Almeida, who had called for an update to ENDA in the wake of the Gross ruling, commended Harkin and his counsel for “fixing the loopholes and technical mistakes” that existed in the original version of ENDA.

“Some were on the left, and some were on the right,” Almeida said. “By making these corrections, Chairman has shown respect for Republicans on the committee and created a smarter, better Employment Non-Discrimination Act.”

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White House mum on whether Biden raised LGBTQ rights with Putin

Geneva summit took place amid ongoing Chechnya crackdown

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President Biden on June 16, 2021, met with Russian President Vladimir Putin in Geneva.

The White House on Wednesday did not say whether President Biden raised Russia’s LGBTQ rights record during his summit with Russian President Vladimir Putin.

“I told President Putin my agenda is not against Russia or anyone else; it’s for the American people: fighting COVID-19; rebuilding our economy; reestablishing our relationships around the world with our allies and friends; and protecting our people,” Biden told reporters during a press conference that took place after the summit, which took place in Geneva, ended. “That’s my responsibility as president. 
 
“I also told him that no president of the United States could keep faith with the American people if they did not speak out to defend our democratic values, to stand up for the universal rights and fundamental freedoms that all men and women have, in our view,” added Biden. “That’s just part of the DNA of our country.” 

Biden said he told Putin that “human rights is going to always be on the table, I told him.” 

“It’s not about just going after Russia when they violate human rights; it’s about who we are,” said Biden. “How could I be the president of the United States of America and not speak out against the violation of human rights?”

Biden also told reporters the U.S. will continue to “raise our concerns about cases like Alexey Navalny,” a Russian opposition leader who remains in jail.

Navalny last August spent weeks in a coma after he was poisoned with Novichok in the Siberian city of Tomsk. Navalny underwent treatment in Germany before he returned to Russia in January.   

“I made it clear to President Putin that we’ll continue to raise issues of fundamental human rights because that’s what we are, that’s who we are,” Biden told the reporters. “The idea is: ‘We hold these truths self-evident that all men and women … ‘ We haven’t lived up to it completely, but we’ve always widened the arc of commitment and included more and more people.”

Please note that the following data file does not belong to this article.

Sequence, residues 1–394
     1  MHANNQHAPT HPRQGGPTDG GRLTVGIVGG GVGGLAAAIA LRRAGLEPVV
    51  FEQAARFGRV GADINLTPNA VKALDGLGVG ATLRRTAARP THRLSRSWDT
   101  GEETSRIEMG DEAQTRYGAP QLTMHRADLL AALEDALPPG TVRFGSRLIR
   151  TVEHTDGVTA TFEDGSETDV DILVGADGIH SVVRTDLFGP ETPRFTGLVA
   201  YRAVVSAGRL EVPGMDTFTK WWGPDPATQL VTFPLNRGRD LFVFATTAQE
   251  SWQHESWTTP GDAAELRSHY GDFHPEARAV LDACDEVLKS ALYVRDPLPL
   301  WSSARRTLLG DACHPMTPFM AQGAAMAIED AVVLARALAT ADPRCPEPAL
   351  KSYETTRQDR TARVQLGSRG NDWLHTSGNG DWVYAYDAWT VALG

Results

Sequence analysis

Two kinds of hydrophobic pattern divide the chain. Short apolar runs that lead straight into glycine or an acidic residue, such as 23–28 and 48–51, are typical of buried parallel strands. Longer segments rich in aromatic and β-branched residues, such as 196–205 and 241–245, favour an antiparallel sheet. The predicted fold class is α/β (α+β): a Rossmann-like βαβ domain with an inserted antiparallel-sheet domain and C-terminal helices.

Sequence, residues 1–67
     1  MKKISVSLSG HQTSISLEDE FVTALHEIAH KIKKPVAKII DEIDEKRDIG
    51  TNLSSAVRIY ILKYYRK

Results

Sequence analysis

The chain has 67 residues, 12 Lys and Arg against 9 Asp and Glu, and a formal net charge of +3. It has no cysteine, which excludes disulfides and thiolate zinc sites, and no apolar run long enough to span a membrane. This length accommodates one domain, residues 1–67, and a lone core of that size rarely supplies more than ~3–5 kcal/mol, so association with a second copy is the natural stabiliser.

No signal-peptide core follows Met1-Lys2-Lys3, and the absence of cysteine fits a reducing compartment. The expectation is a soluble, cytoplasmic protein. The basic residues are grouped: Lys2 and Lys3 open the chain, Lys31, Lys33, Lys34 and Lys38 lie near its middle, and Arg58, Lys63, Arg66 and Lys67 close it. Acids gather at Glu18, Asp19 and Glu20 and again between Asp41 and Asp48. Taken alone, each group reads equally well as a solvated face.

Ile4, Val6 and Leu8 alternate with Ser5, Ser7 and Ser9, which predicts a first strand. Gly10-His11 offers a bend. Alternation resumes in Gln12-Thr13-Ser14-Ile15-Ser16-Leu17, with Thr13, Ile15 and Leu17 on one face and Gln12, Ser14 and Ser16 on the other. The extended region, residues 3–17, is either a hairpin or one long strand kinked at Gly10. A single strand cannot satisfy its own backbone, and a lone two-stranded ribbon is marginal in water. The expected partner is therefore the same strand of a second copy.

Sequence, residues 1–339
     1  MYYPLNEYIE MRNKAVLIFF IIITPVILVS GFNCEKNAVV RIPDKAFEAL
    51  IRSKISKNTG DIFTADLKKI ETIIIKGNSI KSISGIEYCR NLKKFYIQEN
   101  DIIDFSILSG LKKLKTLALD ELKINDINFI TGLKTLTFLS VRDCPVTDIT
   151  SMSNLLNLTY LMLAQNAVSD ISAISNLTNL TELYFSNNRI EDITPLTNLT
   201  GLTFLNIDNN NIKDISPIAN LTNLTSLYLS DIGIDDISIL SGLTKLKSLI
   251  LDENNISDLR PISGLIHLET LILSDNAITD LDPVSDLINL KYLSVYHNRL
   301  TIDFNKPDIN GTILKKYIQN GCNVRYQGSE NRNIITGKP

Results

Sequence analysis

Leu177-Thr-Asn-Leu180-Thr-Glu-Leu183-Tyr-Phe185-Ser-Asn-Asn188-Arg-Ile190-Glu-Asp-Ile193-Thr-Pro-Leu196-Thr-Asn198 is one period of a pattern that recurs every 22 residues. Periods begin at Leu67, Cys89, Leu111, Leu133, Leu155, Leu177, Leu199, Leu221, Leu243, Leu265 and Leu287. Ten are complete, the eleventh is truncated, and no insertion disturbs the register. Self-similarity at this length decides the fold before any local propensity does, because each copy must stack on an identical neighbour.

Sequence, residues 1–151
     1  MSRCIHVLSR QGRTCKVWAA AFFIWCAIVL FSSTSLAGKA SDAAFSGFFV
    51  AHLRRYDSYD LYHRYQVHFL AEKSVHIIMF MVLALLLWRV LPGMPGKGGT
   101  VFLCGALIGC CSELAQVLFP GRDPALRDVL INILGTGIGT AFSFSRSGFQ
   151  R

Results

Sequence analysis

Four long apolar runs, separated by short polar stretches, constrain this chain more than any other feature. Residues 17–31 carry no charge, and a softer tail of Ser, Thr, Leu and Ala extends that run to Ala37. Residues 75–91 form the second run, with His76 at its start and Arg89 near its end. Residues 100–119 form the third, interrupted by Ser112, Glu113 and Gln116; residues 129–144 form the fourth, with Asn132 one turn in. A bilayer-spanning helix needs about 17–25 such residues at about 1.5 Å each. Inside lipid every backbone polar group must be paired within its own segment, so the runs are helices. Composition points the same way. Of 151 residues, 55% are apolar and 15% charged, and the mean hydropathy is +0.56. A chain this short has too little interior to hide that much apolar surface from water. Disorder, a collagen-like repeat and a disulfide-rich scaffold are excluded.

Putin in 2013 sparked global outrage when he signed a law that bans the promotion of so-called gay propaganda to minors. Putin in April signed a series of constitutional amendments that, among other things, formally defines marriage as between a man and a woman in Russia.

Chechen President Ramzan Kadyrov, who is a close Putin ally, and the Kremlin continue to downplay the anti-LGBTQ crackdown in Chechnya.

The State Department in February expressed concern over the fate of two Chechen brothers who were arrested in Russia and returned to their homeland, even though they had fled its anti-LGBTQ crackdown.

The Russian LGBT Network, a Russian LGBTQ rights group, said authorities in Dagestan, a semi-autonomous Russian republic that borders Chechnya, on June 10 kidnapped a bisexual woman who had sought refuge at a shelter for domestic violence survivors. Reports indicate Chechen police officers forced her into a vehicle and drove her back to Chechnya.

The National Security Council before the summit did not respond to the Washington Blade’s request for comment about whether Biden planned to raise Russia’s LGBTQ rights record with Putin. A State Department spokesperson referred the Blade to the White House for comment.

Chris Johnson contributed to this article.

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Lesbian, trans Defense nominees sail through confirmation hearings

Biden picks exemplify change after LGBTQ bans lifted

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Two nominees, one lesbian and one transgender, sailed though a breezy confirmation hearing on Wednesday for high-ranking positions at the Defense Department.

Among the five nominees questioned before the Senate Armed Services Committee were Shawn Skelly, who’s transgender and nominated to become assistant secretary of defense for readiness, and Gina Ortiz Jones, who’s a lesbian and nominated to become under secretary of the Air Force.

The LGBTQ nominees for the high-ranking posts stand out in the wake of the Biden administration enacting to reverse the transgender military ban enacted under President Trump, as well as the coming anniversary of the lifting of “Don’t Ask, Don’t Tell.”